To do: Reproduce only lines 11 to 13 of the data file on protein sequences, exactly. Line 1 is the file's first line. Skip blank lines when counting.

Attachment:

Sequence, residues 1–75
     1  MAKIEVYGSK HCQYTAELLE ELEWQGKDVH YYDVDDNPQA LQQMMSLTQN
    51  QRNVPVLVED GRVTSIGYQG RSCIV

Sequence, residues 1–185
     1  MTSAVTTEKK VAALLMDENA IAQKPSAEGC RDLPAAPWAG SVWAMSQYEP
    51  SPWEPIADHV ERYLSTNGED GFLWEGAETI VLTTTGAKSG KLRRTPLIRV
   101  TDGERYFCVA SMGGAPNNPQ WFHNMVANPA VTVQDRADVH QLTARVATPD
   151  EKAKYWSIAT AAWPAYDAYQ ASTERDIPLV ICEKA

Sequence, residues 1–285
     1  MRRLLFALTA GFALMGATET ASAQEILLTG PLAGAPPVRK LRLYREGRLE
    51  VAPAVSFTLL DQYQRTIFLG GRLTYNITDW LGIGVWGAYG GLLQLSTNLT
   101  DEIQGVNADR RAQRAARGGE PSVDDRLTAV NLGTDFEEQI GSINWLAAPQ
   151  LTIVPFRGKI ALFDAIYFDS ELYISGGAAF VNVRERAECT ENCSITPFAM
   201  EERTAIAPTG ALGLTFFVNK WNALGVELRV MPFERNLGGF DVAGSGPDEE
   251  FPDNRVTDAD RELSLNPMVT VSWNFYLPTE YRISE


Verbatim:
    51  VAPAVSFTLL DQYQRTIFLG GRLTYNITDW LGIGVWGAYG GLLQLSTNLT
   101  DEIQGVNADR RAQRAARGGE PSVDDRLTAV NLGTDFEEQI GSINWLAAPQ
   151  LTIVPFRGKI ALFDAIYFDS ELYISGGAAF VNVRERAECT ENCSITPFAM